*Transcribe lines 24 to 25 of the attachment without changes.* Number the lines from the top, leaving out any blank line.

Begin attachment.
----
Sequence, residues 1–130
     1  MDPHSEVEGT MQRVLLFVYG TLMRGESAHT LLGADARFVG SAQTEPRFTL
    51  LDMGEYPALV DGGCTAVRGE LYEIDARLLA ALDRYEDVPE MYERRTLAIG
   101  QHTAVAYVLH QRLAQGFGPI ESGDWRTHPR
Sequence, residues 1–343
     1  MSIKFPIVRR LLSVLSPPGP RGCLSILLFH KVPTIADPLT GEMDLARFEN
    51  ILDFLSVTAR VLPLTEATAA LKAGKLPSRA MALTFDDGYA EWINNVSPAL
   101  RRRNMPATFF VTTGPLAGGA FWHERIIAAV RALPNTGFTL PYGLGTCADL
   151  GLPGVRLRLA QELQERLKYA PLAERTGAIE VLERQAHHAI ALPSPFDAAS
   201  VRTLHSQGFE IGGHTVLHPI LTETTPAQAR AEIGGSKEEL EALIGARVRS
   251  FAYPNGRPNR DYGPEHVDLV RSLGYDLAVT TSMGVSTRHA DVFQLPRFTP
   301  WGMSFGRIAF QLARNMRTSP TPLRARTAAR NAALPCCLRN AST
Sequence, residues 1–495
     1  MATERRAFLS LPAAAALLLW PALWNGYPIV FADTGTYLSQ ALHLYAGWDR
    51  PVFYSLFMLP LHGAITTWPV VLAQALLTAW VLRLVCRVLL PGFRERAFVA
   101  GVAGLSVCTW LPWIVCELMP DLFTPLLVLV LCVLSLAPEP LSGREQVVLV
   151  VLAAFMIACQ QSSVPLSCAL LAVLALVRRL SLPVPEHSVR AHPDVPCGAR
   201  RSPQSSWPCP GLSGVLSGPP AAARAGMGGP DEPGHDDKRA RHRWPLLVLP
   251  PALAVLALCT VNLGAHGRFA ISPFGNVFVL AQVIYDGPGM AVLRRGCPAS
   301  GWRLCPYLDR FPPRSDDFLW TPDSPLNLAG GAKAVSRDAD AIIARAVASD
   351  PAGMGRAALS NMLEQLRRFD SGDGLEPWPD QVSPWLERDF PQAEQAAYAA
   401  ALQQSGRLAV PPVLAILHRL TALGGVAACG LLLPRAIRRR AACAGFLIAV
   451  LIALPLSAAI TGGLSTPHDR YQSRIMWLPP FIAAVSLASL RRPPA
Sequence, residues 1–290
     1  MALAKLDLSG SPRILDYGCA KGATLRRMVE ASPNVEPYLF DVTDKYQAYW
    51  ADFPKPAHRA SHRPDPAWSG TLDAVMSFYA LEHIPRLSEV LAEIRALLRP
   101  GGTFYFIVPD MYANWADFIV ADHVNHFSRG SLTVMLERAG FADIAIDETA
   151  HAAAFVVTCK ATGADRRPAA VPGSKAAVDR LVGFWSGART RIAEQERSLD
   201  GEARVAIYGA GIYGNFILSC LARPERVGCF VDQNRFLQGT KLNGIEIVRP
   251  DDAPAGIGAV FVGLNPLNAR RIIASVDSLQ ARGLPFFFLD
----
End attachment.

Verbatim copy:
Sequence, residues 1–290
     1  MALAKLDLSG SPRILDYGCA KGATLRRMVE ASPNVEPYLF DVTDKYQAYW